Things were looking dire for the book business once it became clear Amazon was taking over the book-buying space. But as Borders and Waldenbooks rapidly shuttered their locations, an interesting thing began to happen. Independent bookstores seemed to become more beloved than ever. When readers visit a brick-and-mortar bookstore, they’re buying into an experience, which may include sipping coffee in the café while reading a few pages of a book they’re interested in purchasing. It also means meeting up with friends in that same café and spending some time in the children’s section, teaching their children a love for reading. For entrepreneurs, this resurgence in bookstore popularity makes it a great business to invest in, especially if you’re in a community that doesn’t already have a bookstore.
Research and Preparation
Before getting started, put some serious time into investigating what’s involved in operating a bookstore. It may not be the best fit for you. The American Booksellers Association is an invaluable resource, offering the opportunity to network and learn from experienced booksellers. You can join as a provisional member for $350 per year for up to three years to get access to the information you need. Once you open your store, you’ll need to join as a full-fledged member for $199 a year.
Although the bookstore itself will come with plenty of expenses, first be aware of the cost of the inventory you’ll need to fill the shelves of your bookstore. Keep in mind that only 41 percent of a book's cover price goes to the store. The rest goes to the publisher and author, as well as the distributor that gets the book to you. To manage the operating costs of your store, you’ll need to sell hundreds of books per day. Also keep in mind that you’ll likely face long periods of inactivity during the week, with more customers coming your way after work and on weekends. This can differ if your bookstore is located in a college town or touristy area. But to get started, you’ll have to purchase a large number of books in the hopes of selling at least enough to begin to recoup the upfront investment. Calculate $30,000 for startup inventory as a base estimate.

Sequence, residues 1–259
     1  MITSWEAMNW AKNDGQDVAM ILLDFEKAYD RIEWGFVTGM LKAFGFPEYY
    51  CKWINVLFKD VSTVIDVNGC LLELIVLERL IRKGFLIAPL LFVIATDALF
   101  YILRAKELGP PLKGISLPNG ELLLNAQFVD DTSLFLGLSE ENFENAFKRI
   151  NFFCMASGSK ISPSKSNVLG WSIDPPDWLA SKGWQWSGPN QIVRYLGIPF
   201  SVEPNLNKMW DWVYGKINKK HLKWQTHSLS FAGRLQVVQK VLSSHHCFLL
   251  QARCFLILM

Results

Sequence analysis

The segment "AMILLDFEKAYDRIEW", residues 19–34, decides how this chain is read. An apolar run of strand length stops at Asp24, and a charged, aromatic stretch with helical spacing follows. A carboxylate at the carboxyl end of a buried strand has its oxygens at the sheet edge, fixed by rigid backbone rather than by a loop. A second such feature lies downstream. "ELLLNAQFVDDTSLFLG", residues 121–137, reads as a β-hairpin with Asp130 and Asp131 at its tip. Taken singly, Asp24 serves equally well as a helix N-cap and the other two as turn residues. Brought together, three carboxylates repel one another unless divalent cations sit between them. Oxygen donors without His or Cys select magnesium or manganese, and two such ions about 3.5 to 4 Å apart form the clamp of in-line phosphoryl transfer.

Location and Startup Costs
Once you have the inventory costs on paper, you’ll need to price commercial space in the area you’re targeting. Rentals can vary dramatically from one location to another, but plan for around $6,000 a month. Also anticipate monthly payroll and health insurance costs of about $15,000. Nonrecurring costs like a website, signage and promotional mailings can cost another $5,000. You’ll also need furnishings and décor, so put aside another $5,000 for that. Combined with your inventory costs, the first-month expenses are looking to be around $60,000, with about $21,000 of that coming back each month in sales. You also need to figure in whatever it will cost to keep the store's inventory up-to-date.